Introducing The Swing Series by Kludi RAK
In 1992 Itamar Harari, an Italian Architectural Designer, who is in his Mid 40’s, opened his studio in Milano which was dedicated to Architectural and Industrial design, and also provided Artistic Direction and Consultancy for Companies.
He worked on many projects in architecture and interior design, like schools near Milano, villa and Qingdao park in China, and a reconstruction project in Gozzano cemetery in Italy.
In addition to that, he did major Interior design projects for showrooms in major cities like: Milano, Beijing, Moscow and Dubai; and participated in designing fairs and exhibition booths, residential architecture in Milano, Florence, Beijing, and Santo Domingo.
His industrial design co-operation led him to work with many multinational companies operating in various sectors and industries; a few to name are: Moen, Brandoni, Alpi, Cerutti, Karcher and Kludi RAK.
His creative inspiration led him to design the Paragon, Harmony and now the new SWING series for Kludi RAK.
"More than once I've been asked which design or designs I made that I consider more emblematic, more as expression of myself, or my preferred. And I always answered that there is no design or model or product that I can consider more than any other of my creations. Every new design is a new adventure, a new challenge with myself and with the persons for whom I make my designs for; they can be the producer, the direct interface, or the final user. My designs are my interpretation, my contribution, the evolvement I seek for quality, functionality, distinctiveness, or simply said: all the senses of things around us."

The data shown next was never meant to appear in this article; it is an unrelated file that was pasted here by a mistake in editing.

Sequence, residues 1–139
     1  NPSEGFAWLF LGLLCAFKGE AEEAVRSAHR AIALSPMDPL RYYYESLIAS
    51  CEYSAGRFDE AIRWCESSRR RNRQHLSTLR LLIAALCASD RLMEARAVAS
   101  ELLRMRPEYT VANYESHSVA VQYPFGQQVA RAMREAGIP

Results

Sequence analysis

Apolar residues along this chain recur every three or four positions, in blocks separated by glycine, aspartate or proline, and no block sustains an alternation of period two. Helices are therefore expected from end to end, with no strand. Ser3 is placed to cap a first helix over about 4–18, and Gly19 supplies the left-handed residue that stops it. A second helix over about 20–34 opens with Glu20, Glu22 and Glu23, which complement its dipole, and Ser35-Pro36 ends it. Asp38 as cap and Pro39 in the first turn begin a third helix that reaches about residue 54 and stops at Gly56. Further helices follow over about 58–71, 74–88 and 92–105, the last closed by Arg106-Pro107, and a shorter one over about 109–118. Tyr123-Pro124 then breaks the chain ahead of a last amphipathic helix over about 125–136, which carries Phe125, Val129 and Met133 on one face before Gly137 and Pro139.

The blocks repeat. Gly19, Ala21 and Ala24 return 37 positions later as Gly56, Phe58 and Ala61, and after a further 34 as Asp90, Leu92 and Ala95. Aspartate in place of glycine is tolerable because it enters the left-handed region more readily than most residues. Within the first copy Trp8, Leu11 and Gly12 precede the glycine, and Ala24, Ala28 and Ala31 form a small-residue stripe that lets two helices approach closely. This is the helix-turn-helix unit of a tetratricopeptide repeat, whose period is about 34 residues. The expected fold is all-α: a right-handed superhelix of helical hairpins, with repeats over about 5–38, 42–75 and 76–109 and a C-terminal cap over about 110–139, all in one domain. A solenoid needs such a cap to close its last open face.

"A faucet is not just an instrument tha pours water; it is one of the first things that I see in the morning and one of the last things I use at the end of my day. It relates with me through water and through sensations. And in this model, SWING, I wanted to express the particular relation with this silent testimony of our daily life: a figure that in front of us extends two arms to embrace, to create contact; two arms of which one is the manual contact while the other pours the water in a cascade that arches from the side towards us, leaving an open space ahead of our view. "